Its more of getting the phase relationship between the mains and powered sub to be the same versus absolute zero phase shift.

Here's the schematic.

Attachment:
Magnavox A531-01-00 amp.jpg
Magnavox A531-01-00 amp.jpg [ 314.32 KiB | Viewed 873 times ]


Here's a couple pictures.

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Attachment:
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I tested the amp on a couple old two way car audio speakers I had laying around and the amp sounds quite good as is so I may leave the capacitor values alone and just replace the carbon comp resistors.

So without the balance control in the circuit both 33 ohm resistors need to be reduced to 24.81 ohms which will round up to 25 ohms.

I would then put the emitter bypass cap across the single series resistor.

I also plan on adding a pair of 1/4" jacks for the speakers and either a stereo 1/4" jack for the input or RCA jacks. The current RCA jacks are too close together for most any quality RCA cable to properly fit without the two plugs touching each other to the point where one is hard to insert.

So far I am well pleased with the amp and am really surprised with how good it sounds.

I have two 8 ohm 30 watt non-inductive resistors I'll use for a load when testing the amp.

I did notice that the B+ does vary a few volts as the amp is played loud.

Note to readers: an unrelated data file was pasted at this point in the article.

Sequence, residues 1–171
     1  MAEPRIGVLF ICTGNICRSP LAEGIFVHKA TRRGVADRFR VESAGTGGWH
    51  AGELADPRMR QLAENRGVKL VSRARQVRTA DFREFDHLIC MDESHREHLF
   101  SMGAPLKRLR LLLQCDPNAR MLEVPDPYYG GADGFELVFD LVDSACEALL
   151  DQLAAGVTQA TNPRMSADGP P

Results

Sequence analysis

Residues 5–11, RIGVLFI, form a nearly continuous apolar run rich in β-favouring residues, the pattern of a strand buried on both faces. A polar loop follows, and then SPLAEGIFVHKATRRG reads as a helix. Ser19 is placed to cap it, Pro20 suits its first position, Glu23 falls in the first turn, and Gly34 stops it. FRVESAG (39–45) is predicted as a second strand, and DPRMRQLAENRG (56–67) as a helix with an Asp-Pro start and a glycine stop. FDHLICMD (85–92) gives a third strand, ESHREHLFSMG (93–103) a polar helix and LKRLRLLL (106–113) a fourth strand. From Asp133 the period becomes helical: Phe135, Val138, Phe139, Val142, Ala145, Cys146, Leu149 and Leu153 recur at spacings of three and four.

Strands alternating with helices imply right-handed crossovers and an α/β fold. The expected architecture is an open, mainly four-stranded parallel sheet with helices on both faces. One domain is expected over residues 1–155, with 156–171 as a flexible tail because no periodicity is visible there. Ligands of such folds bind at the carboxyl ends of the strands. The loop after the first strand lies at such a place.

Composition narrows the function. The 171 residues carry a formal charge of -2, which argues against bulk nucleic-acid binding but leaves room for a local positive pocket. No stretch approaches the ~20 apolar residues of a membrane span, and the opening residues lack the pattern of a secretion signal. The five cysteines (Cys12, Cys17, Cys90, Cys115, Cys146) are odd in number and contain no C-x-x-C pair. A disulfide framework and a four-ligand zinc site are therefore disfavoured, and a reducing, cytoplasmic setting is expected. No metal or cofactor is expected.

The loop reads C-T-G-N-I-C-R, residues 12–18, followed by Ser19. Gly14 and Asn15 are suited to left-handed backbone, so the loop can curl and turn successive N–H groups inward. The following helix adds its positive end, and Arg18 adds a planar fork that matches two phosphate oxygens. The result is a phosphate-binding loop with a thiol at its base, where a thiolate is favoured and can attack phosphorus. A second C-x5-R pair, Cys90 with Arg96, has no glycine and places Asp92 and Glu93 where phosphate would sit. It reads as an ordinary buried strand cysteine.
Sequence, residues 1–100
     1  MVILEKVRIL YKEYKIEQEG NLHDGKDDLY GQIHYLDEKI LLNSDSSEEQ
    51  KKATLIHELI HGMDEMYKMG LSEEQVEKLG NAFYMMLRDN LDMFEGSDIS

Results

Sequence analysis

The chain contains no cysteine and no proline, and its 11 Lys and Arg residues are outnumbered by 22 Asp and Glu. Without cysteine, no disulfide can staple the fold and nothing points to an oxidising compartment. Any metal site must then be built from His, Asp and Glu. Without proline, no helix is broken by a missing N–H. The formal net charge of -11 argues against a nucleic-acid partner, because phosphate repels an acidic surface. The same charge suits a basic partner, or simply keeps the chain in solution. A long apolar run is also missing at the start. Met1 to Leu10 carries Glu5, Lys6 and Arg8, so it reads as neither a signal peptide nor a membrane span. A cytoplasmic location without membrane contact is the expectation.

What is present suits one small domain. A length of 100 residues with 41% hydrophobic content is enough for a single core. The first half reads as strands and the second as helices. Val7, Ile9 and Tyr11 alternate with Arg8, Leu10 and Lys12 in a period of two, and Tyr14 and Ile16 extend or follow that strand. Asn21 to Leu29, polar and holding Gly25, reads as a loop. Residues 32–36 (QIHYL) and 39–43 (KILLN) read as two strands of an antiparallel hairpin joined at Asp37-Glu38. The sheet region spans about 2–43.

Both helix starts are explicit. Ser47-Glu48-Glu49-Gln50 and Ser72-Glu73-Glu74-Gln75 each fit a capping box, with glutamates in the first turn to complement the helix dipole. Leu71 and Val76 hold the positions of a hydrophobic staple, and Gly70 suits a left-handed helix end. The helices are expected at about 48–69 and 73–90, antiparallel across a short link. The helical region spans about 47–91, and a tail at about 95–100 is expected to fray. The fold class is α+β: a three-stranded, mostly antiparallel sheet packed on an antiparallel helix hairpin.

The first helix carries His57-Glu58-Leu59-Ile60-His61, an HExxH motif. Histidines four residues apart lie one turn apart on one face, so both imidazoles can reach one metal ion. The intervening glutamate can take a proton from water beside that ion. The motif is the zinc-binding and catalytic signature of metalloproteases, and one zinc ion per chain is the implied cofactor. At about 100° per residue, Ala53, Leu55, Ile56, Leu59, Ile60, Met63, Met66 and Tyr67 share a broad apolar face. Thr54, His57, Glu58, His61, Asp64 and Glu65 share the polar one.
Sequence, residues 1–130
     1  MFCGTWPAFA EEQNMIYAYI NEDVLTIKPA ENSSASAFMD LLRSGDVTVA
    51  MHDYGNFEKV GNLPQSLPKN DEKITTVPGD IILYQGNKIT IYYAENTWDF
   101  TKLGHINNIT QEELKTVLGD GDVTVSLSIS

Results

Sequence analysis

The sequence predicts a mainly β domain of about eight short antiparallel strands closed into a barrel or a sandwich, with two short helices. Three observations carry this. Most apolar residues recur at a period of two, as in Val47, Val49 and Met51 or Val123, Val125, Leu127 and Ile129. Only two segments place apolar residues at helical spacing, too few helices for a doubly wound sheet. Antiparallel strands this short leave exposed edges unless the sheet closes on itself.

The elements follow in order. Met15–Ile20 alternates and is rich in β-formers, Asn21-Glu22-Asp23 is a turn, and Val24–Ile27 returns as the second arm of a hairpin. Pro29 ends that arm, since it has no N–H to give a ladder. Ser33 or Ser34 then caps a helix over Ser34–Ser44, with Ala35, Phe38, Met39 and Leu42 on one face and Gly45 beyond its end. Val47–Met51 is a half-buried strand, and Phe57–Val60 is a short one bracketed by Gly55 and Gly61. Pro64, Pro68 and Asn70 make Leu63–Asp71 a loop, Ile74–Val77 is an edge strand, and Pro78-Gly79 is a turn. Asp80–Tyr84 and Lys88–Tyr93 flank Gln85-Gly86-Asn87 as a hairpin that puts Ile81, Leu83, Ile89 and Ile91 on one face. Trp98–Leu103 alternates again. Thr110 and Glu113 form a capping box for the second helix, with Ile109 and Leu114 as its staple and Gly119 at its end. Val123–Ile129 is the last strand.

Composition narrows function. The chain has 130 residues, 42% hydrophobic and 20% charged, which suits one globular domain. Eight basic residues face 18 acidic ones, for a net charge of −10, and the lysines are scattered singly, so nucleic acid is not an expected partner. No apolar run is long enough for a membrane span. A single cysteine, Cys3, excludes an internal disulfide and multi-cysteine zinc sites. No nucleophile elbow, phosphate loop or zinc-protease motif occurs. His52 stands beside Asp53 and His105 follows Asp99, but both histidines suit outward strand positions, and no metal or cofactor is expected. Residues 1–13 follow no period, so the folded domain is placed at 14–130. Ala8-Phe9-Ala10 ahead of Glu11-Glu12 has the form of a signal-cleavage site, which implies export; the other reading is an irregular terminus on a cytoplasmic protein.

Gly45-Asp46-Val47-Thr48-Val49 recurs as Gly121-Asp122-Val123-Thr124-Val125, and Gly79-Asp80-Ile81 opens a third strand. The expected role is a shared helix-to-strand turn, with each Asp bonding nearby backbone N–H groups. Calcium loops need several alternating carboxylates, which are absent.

Normally that would mean I need to upgrade the power transformer to one with more current, but that's only if the amp is going to be used full range. If used with a powered sub and active crossover, tghe stock power transformer will be just fine.

EDIT:

Here's a couple pictures showing the jacks and volume control.

Attachment:
20200313_215857.jpg
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When I went to wire the power plug I grabbed some of the original wire and found it was solid. So I used more of the wire for the other additions to keep it more original looking underneath.

I kept the original speaker terminals as they were a convenient place to wire in the 1/4" jacks plus it makes the jacks optional.

I'll eventually clean the amp up and I'll either clean the metal transistor shield and paint it satin black or I'll completely remove it.

I'll also make a metal bottom cover for the amp and put some stick on feet on it.

EDIT:

I connected one of my altec 811B horns to one channel with no signal going to the amp and I heard absolutely no hiss. I played some audio at a low volume to be sure the horn was connected and I heard audio from it so I know the amp really is that quiet.

Unfortunately there's people out there who would trash an amp like this in favor of a better name of 25WPC amp that may have a little hiss and they will do it because of the name on the amp.

That's fine. I'll take these magnavox amps and other quality amps that a lot of audiophiles thumb their noses up at and I'll get the same if not better sound quality.


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 Post subject: Re: Magnavox A531-01-00 amplifier
PostPosted: Mar Sat 14, 2020 8:51 pm 
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Joined: Jan Thu 01, 1970 1:00 am
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Location: Warner Robins, GA
Interestingly enough while looking for something else I found the tone/volume/balance control board I had pulled from a defunct Samsui 4000 (wasn't worth restoring) several years ago.